B.C. – Material misapprehension of evidence is an extricable error of law – #662

In Escape 101 Ventures Inc. v March of Dimes Canada, 2022 BCCA 294, Justice Voith (for the Court) allowed an appeal of a commercial arbitral award on two grounds of significance: (1) the arbitrator demonstrated a material misapprehension of evidence going to the core of the outcome – this constituted an extricable error of law subject to appeal; and (2) an appeal is allowed with respect to “any question of law arising out of an arbitral award”, but this is not limited to errors arising from the formal award of the arbitrator. Here, the error was patent from the record, but was not apparent in the arbitrator’s reasons. The Court remitted the issue back to the arbitrator for reconsideration rather than substitute its own decision because there was no record of the proceedings, so it lacked the necessary evidentiary foundation to do so. (This was also the first appeal under the new B.C. Arbitration Act, S.B.C. 2020, c. 2.)

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British Columbia – legal errors must reflect award’s actual reasons when read as a whole – #649

In The Fairways at Bear Mountain Resort Owners’ Association v Ecoasis Resort and Golf LLP, 2022 BCSC 1235,  Justice Donegan considered the threshold question for granting leave to appeal a final award, which is whether the alleged errors were questions of law.  In doing so she emphasized the importance of reading the award as a whole and considering what it was that the Arbitrator had actually decided.  When that was done in this case, she concluded that neither of the two suggested grounds for appeal (both concerning the application of a limitation period) were questions of law alone but were, instead, questions of mixed fact and law that were based on the Arbitrator’s construction of the contract. 

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B.C. – Leave to appeal threshold not overcome by strategic drafting – #645

In MDG Contracting Services Inc. v. Mount Polley Mining Corporation, MDG sought leave to appeal an arbitral award on the basis of section 30 (errors of law) and to set aside the award on the basis of section 31 (failing to observe the rules of natural justice) of the former B.C. Arbitration Act, RSBC 1995, c 55. Justice McDonald dismissed MDG’s petition on the basis that it failed to meet the threshold requirement for granting leave in cases where there is a “clearly perceived and delineated” question of law, or, a rare extricable question of law. Rather, MDG’s arguments raised questions of mixed fact and law by submitting that despite the Arbitrator making a correct statement regarding the law, when properly applied, it should have resulted in a different outcome. The court also rejected MDG’s argument that the Arbitrator failed to observe the rules of natural justice when he failed to explain how he reached a “summary conclusion”, as the Award contained ample detail regarding the Arbitrator’s findings.

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British Columbia: – Court partially stays class action related to videogame “loot boxes” – #639

In Petty v Niantic Inc., 2022 BCSC 1077, Justice Mayer stayed a proposed class action in favour of arbitration, except in respect of claims advanced under B.C.’s Business Practices and Consumer Protection Act [BPCPA]. He rejected the Representative Plaintiffs’ arguments that the arbitration agreements were null and void for unconscionability and/or violating B.C. public policy. He also applied the competence-competence principle, holding the arbitral tribunal should decide first as to its jurisdiction over claims based on the Competition Act where the parties’ contract provided for California law.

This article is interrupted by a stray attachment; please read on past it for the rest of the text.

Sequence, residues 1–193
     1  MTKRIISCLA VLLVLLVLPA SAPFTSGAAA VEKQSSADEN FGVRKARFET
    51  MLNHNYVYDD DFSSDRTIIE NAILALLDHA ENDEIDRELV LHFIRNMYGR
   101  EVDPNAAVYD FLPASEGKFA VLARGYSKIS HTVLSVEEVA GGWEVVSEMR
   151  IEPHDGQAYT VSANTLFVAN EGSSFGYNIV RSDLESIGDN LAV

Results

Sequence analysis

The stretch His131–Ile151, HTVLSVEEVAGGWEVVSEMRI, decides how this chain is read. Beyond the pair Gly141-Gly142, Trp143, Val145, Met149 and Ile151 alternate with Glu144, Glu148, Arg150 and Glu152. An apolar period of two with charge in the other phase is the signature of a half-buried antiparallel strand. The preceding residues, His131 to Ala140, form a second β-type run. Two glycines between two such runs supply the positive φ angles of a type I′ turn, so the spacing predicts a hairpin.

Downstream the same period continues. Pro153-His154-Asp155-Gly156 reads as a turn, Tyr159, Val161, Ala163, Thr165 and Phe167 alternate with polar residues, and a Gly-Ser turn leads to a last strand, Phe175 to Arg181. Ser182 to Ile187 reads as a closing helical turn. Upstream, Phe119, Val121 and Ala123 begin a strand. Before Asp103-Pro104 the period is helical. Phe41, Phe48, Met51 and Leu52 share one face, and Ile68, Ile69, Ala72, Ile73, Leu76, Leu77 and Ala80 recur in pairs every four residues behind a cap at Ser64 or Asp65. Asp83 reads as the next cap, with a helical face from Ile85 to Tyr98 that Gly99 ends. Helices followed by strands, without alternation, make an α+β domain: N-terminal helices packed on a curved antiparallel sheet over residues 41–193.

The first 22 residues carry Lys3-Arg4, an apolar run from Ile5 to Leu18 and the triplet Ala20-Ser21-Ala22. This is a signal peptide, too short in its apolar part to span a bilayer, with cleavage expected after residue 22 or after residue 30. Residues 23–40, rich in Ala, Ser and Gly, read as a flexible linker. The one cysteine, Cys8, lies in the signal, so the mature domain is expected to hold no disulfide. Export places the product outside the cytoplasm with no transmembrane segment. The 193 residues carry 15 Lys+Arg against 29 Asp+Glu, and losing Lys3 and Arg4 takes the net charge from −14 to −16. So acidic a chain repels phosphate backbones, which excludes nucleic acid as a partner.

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British Columbia –  Effect of consent orders staying proceedings in favour of arbitration – #636

Williams v. Audible Inc., 2022 BCSC 834 (“Audible”) is the second of two decisions by Justice Horsman extending stays of proceedings in favour of arbitration under s. 15 of the former Arbitration Act, R.S.B.C. 1996, c. 55 in the context of class proceedings. The first, Williams v. Amazon.com Inc., 2020 BCSC 300 (the “Amazon Stay Decision”), concerned a separate class proceeding, brought by the same representative plaintiffs as in Audible, alleging similar causes of action, but against Amazon. That decision is under appeal. In this case, Justice Horsman granted the stay sought by Audible. Following the principles in Seidel v TELUS Communications Inc., 2011 SCC 15, the parties agreed to a consent stay of proceedings in favour of arbitration in respect of the plaintiff’s non-consumer protection legislation claims because of the arbitration clause in the relevant contracts. On this application, Justice Horsman found that, because the representative plaintiffs’ non-consumer claims were stayed by virtue of a consent order, there was no proceeding in which to advance the claims of the other possible class members, whose claims related to a period of time when Audible’s contracts did not contain arbitration clause. Therefore, she granted an extension of the stay of those proceedings to cover those claims too.

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Ontario – Costs in both arbitration and court guided by same principles – #630

In Electek Power Services Inc. v. Greenfield Energy Centre Limited Partnership, 2022 ONSC 2437, Justice Perell held that when awarding costs, the discretion of both an arbitrator and the court are the same: both are guided by reasonableness and the fair and reasonable expectations of the unsuccessful party.

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